Anyone who’s familiar with the United States Declaration of Independence is probably familiar with the following passage: All men are created equal & independent, that from that equal creation they derive rights inherent & inalienable, among which are the preservation of life, & liberty, & the pursuit of happiness.
(Let’s just leave the part about being “created equal” alone for the moment – because we all know that’s a load of bollocks, right? We may have been created equal, but America has never been a country that has treated people of different genders, races, ethnicities and faith-backgrounds equally.)
Today, I want to to talk about happiness!
Or more specifically, the phrase: “the pursuit of happiness.” And no, I’m not talking about the Will Smith movie. (But it’s a good movie and you should see it if you haven’t.)
Consider for a moment which of these two sentences is more powerful:
“You have the right to pursue happiness.”
“You have the right to happiness.”
I’ve only changed one word between the two sentences, but the second sentence feels like permission – permission to inhabit happiness, to feel joy without restraint. And if you have the right to happiness, well, doesn’t that mean no one else has the right to take it away from you? Try saying it to yourself in the mirror, “happiness is my right.” Can you feel the power of those words? How empowering they are? You have the right to step out of your door and feel happy today. And every day.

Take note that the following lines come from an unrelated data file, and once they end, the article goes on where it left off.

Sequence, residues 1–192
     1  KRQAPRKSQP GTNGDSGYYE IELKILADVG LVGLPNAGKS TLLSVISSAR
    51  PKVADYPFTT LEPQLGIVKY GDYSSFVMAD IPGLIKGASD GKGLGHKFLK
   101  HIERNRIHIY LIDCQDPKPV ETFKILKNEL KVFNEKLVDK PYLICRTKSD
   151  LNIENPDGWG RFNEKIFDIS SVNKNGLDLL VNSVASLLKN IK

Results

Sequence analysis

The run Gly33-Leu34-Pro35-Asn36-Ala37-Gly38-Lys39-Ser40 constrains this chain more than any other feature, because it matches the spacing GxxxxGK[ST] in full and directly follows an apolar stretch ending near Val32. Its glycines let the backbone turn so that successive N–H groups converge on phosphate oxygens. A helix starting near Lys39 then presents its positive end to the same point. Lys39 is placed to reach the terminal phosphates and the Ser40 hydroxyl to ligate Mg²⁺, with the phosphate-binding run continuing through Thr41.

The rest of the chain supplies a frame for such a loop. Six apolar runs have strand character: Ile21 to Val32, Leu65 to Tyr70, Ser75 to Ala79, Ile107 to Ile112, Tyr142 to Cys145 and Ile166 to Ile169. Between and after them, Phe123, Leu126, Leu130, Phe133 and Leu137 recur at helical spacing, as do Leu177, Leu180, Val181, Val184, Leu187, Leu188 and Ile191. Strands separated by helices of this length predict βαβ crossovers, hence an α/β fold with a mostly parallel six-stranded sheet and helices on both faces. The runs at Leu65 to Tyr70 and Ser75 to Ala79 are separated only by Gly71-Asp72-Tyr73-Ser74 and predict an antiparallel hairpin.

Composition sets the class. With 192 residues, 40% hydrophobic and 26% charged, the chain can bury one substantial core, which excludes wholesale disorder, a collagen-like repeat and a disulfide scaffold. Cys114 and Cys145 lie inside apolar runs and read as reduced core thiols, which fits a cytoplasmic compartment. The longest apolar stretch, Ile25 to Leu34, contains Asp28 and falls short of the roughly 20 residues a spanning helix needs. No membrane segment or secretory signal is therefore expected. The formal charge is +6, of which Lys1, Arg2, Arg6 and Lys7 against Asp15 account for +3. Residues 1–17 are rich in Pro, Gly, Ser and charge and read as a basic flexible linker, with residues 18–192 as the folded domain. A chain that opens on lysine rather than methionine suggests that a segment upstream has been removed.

But that’s not what the constitution says exactly, is it? Why does “you have the right to pursue happiness” feel so…icky? Well, this sentence puts the onus all on us. You must earn happiness. You must work for it. You don’t have the right to the happiness outright, but you have the right to try to get it. We’ve all heard the phrase, “pull up your bootstraps,” at one time in our lives. Meaning, pull yourself out of your own difficult situations – because it’s not that society is geared towards the success of some people and the failure of others (har har) – it’s that you just aren’t trying hard enough. You’re lazy. You’re flawed. You haven’t earned it.
Maybe the best place to start is by unpacking the word “pursue”. Pursue derives from the latin root “prosequi”, which means to follow, accompany, follow after or follow up”. Originally, the word was employed to mean “to pursue with hostile intent”, the way a lion might pursue a zebra across the plain. (source) . (Or the way I pursue a cup of coffee first thing in the morning.) But in the context of modern day, to pursue simply means to work to achieve something. Now, hey, that doesn’t sound so bad!
You can pursue a college degree. You can pursue a career. You can pursue a skill or trade. You can pursue a sport. You can pursue a lot of things and there’s nothing wrong with that, is there? There’s nothing inherently wrong with wanting more and working to achieve it. I mean, that’s sort of the American dream, isn’t it?